Cedar Rapids mayoral challenger draws small numbers for news conference
Greg Hughes is longtime Quaker Co. plant employee
News conferences apparently donít work well here for City Council races, including the mayoral race.
Even so, mayoral challenger Greg Hughes, who has run unsuccessful, long-odds campaigns for Congress and governor, gave it a shot on Monday afternoon outside of City Hall.
About a dozen people, including District 1 council candidate Ajai Dittmar, District 3 council candidate Alan Modracek and one reporter, were on hand to listen.
Hughes told the group that he was running a grass-roots campaign, could use volunteer help and wasnít about to spend $100,000 on a campaign for the part-time, $30,000-plus-a-year job as mayor.
Hughes said he was opposed to the Nov. 5 ballot measure to extend the cityís local-option sales tax, saying once you get another tax it never goes away.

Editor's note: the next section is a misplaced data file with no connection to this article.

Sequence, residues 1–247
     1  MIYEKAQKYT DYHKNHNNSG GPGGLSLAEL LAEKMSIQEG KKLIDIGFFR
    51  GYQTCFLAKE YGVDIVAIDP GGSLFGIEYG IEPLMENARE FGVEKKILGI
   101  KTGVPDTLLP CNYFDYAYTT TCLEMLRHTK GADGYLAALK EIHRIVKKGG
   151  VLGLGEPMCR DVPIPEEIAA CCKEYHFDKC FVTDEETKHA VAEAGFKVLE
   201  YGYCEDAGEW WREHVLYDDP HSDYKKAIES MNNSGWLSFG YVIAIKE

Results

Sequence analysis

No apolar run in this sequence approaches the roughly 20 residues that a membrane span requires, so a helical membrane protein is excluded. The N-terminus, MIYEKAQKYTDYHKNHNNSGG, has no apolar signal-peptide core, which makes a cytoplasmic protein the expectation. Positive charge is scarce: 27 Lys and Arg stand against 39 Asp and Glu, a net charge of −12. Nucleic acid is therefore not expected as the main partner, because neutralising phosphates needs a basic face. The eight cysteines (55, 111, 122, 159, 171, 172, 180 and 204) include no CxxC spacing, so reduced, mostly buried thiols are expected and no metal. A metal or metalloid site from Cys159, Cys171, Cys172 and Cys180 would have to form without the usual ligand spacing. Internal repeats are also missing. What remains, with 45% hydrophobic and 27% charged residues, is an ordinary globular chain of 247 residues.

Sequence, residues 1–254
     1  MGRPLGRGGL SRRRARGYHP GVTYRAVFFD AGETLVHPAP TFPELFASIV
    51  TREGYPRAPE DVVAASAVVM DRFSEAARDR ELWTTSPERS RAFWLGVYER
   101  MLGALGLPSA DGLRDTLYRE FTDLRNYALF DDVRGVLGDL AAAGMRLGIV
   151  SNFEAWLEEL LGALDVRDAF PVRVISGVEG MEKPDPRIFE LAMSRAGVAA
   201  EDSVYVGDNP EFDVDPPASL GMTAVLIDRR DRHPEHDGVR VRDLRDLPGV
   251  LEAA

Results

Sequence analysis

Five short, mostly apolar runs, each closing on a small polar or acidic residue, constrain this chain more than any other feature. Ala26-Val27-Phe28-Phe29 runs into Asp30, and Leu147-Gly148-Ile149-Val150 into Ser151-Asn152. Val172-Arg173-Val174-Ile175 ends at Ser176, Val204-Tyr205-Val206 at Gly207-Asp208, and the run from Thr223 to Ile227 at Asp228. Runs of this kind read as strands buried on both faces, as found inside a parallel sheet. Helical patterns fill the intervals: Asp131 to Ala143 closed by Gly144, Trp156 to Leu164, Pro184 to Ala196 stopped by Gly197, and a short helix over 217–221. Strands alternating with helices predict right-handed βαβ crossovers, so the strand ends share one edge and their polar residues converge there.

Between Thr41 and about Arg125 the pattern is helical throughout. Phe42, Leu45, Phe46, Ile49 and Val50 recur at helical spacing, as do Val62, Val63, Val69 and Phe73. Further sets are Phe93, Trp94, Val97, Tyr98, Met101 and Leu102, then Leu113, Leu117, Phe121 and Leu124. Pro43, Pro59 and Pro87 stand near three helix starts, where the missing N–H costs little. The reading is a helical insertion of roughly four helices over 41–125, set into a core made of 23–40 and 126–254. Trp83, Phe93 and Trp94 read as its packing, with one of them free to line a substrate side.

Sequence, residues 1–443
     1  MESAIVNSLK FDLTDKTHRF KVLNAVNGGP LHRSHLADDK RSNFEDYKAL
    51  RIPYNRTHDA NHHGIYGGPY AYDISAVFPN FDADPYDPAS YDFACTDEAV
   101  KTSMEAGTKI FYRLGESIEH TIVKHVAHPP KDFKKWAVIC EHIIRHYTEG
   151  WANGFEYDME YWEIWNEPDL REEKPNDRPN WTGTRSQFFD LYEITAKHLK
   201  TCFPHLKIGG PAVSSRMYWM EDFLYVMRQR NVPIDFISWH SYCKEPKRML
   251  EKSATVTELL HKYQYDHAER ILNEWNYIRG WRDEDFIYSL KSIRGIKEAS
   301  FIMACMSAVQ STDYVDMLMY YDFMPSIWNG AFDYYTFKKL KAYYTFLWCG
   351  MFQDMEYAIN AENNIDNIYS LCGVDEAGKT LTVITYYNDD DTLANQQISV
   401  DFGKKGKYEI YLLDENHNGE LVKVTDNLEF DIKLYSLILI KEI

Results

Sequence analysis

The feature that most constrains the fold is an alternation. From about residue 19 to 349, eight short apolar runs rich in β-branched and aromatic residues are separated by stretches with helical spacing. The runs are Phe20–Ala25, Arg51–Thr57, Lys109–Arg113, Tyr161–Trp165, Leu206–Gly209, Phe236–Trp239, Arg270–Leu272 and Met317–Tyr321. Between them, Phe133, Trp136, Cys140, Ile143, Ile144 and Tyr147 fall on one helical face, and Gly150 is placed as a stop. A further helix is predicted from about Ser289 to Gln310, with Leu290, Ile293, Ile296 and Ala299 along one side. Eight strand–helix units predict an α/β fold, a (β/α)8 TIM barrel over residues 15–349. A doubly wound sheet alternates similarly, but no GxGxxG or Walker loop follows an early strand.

"No new taxes. We need to freeze things where they are at," he said.
Hughes, a longtime Quaker Co. plant employee, called Mayor Ron Corbett "a flip flopper" who couldnít decide if he was a Republican or a Democrat. Hughes has run for Congress and governor with no major-party affiliation.
He said the city "would be foolish" not to try to seek and use federal money to help the city, but he said local communities need to be "respectful" of how they use the money. The new federal courthouse in Cedar Rapids was too costly and grand, he said.
Hughes, 56, of 1202 36th St. SE, has been an accomplished Tae Kwon Do instructor, and he said he planned to bring martial arts champion Bill "Superfoot" Wallace to Cedar Rapids to help promote his mayoral candidacy later in October.
Hughes is driving around town in a pickup with a big campaign sign: "Tell Politicians, Stop Wasting Billions. Stop Raising Taxes.†Time to Kick Corbett Out."